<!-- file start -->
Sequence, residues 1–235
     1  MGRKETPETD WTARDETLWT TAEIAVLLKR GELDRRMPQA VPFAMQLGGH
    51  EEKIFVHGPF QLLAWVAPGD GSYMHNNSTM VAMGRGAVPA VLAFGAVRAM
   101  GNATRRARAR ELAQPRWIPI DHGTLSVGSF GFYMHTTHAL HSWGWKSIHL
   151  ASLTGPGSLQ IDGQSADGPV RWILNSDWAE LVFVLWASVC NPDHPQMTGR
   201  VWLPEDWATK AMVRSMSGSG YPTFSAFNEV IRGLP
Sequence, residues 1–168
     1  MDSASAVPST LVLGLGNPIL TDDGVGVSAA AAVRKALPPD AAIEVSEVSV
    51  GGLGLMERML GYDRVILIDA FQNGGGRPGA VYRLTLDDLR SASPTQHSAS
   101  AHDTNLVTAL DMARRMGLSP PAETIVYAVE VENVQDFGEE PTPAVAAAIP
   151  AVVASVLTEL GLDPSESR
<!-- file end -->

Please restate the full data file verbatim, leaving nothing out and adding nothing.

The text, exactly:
Sequence, residues 1–235
     1  MGRKETPETD WTARDETLWT TAEIAVLLKR GELDRRMPQA VPFAMQLGGH
    51  EEKIFVHGPF QLLAWVAPGD GSYMHNNSTM VAMGRGAVPA VLAFGAVRAM
   101  GNATRRARAR ELAQPRWIPI DHGTLSVGSF GFYMHTTHAL HSWGWKSIHL
   151  ASLTGPGSLQ IDGQSADGPV RWILNSDWAE LVFVLWASVC NPDHPQMTGR
   201  VWLPEDWATK AMVRSMSGSG YPTFSAFNEV IRGLP
Sequence, residues 1–168
     1  MDSASAVPST LVLGLGNPIL TDDGVGVSAA AAVRKALPPD AAIEVSEVSV
    51  GGLGLMERML GYDRVILIDA FQNGGGRPGA VYRLTLDDLR SASPTQHSAS
   101  AHDTNLVTAL DMARRMGLSP PAETIVYAVE VENVQDFGEE PTPAVAAAIP
   151  AVVASVLTEL GLDPSESR